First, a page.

We operate in a highly competitive industry and if we are not able to compete effectively, our
business and operating results will likely be harmed.
We face competition from a broad range of providers of core synthetic biology products such
as GenScript Biotech Corporation, GENEWIZ (owned by Brooks Automation), Integrated DNA Technologies, Inc. (owned by Danaher Corporation), DNA 2.0 Inc. d/b/a/ ATUM, GeneArt (owned by Thermo Fisher Scientific Inc.), Eurofins Genomics LLC,
Sigma-Aldrich Corporation (an indirect wholly owned subsidiary of Merck & Company), Promega Corporation, OriGene Technologies, Inc., Blue Heron Biotech, LLC and others. Additionally, we compete with both large and emerging providers in
the life sciences tools and diagnostics industries focused on sample preparation for NGS such as Thermo Fisher Scientific Inc., Illumina, Inc., Integrated DNA Technologies, Inc., Agilent, and Roche NimbleGen, Inc. In the antibody discovery market,
we compete with clinical research organizations, such as LakePharma (mouse hybridoma, llama immune libraries, XOMA phage display library) and Aldevron, LLC (genetic mouse immunization coupled with hybridoma), and antibody discovery biotechnology
companies, such as Iontas (human phage display libraries, human phage display library focused on ion channels), Adimab (human synthetic yeast display libraries), and Distributed Bio (human synthetic phage display library, lead optimization
libraries). In the field of DNA digital data storage, we compete with Catalog Technologies, Inc., ETH Zurich, Helixworks, Iridia, Inc., North Shore Bio and Roswell. We may not be successful in maintaining our competitive position for a number of
reasons. Some of our current competitors, as well as many of our potential competitors, have significant name recognition, substantial intellectual property portfolios, longer operating histories, greater resources to invest in new technologies,
substantial experience in new product development and manufacturing capabilities and more established distribution channels to deliver products to customers than we do. These competitors may be able to respond more quickly and effectively than we
can to new or changing opportunities, technologies, standards or customer requirements. Our competitors may develop disruptive technologies or products that are comparable or superior to our technologies and products. In light of these advantages,
even though we believe our technology is superior to the products offerings of our competitors, current or potential customers might accept competitive products in lieu of purchasing our products. Increased competition is likely to result in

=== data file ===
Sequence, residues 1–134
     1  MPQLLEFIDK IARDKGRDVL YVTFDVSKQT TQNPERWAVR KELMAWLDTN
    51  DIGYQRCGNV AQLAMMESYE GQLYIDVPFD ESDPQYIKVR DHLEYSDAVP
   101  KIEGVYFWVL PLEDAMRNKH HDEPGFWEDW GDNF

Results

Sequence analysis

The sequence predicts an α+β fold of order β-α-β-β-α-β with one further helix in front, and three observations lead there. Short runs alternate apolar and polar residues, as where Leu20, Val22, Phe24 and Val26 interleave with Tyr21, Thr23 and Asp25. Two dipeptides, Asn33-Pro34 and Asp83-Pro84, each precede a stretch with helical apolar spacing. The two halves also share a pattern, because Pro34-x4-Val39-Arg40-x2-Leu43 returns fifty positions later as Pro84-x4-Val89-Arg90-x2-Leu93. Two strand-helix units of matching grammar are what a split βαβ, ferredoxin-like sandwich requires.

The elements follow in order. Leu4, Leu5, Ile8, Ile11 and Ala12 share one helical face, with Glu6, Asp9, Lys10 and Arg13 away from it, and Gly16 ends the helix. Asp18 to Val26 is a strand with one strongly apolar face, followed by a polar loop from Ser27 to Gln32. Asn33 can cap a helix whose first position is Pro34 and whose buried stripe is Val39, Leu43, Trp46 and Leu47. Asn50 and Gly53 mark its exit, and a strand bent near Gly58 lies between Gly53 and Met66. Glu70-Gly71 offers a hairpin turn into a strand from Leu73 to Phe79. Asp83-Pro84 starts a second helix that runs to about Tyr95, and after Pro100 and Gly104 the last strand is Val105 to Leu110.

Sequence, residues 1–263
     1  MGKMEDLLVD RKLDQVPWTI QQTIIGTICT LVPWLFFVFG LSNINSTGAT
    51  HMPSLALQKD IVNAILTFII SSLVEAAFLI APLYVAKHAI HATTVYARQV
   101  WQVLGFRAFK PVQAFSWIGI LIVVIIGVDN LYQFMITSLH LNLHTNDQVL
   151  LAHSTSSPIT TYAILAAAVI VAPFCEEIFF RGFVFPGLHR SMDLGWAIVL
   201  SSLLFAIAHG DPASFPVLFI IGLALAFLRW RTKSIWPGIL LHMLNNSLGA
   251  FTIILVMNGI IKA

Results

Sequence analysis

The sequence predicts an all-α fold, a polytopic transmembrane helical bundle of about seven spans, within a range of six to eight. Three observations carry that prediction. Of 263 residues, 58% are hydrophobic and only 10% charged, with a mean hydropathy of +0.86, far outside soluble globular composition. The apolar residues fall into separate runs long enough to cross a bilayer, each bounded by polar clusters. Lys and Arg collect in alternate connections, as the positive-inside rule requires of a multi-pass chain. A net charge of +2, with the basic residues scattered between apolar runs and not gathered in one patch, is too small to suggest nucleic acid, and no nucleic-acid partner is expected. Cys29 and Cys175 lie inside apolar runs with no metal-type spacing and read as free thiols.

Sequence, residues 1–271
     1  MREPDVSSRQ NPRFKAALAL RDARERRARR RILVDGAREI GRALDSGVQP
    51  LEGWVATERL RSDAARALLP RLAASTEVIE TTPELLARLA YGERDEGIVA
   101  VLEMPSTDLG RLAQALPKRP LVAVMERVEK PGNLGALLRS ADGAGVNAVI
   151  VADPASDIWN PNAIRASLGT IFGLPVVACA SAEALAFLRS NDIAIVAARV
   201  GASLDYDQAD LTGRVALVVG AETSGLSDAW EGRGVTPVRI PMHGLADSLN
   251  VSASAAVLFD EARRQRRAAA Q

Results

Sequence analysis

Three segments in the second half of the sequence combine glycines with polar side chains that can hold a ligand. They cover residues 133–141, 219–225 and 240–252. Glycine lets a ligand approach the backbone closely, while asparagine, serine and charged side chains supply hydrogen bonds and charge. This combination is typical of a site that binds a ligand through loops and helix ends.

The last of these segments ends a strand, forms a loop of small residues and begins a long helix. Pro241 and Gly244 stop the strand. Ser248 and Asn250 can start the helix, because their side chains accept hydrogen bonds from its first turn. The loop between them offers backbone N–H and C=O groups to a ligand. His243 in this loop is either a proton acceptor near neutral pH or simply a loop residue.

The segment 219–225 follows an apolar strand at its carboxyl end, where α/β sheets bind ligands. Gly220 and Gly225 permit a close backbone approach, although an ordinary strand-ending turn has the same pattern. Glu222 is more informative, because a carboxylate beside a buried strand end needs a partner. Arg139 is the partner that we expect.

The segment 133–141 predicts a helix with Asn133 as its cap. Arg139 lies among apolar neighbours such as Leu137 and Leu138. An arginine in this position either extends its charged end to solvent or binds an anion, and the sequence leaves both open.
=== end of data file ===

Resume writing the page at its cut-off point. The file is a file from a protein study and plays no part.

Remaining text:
continued pricing pressures, which could harm our sales, profitability or market share. Our failure to continue competing effectively or wining additional business with our existing customers could materially and adversely affect our business,
financial condition or results of operations.
We may be subject to significant pricing pressures.
Over time, increasing customer demand for lower prices could force us to discount our products and result in lower margins. The impact may be further
exacerbated if we are unable to successfully control production costs. Alternatively, if due to rising market prices, our suppliers increase prices or reduce discounts on their supplies, we may be unable to pass on any cost increase to our
customers, thereby resulting in reduced margins and profits. Furthermore, changes in our product mix may negatively affect our gross margins. Overall, these pricing pressures may adversely affect our business, financial position and results of
Ethical, legal and social concerns surrounding the use of genetic information could reduce demand for our technology.
Our products may be used to create DNA sequences of humans, agricultural crops and other living organisms. Our products could be used in a variety of
applications, which may have underlying ethical, legal and social concerns. Governmental authorities could, for safety, social or other purposes, impose limits on or implement regulation of the use of gene synthesis. Such concerns or
governmental restrictions could limit the use of our DNA synthesis products, which could have a material adverse effect on our business, financial condition and results of operations. In addition, public perception about the safety and environmental
hazards of, and ethical concerns over, genetically engineered products and processes could influence public acceptance of our technologies, products and processes. These concerns could result in increased expenses, regulatory scrutiny, delays or
other impediments to our programs.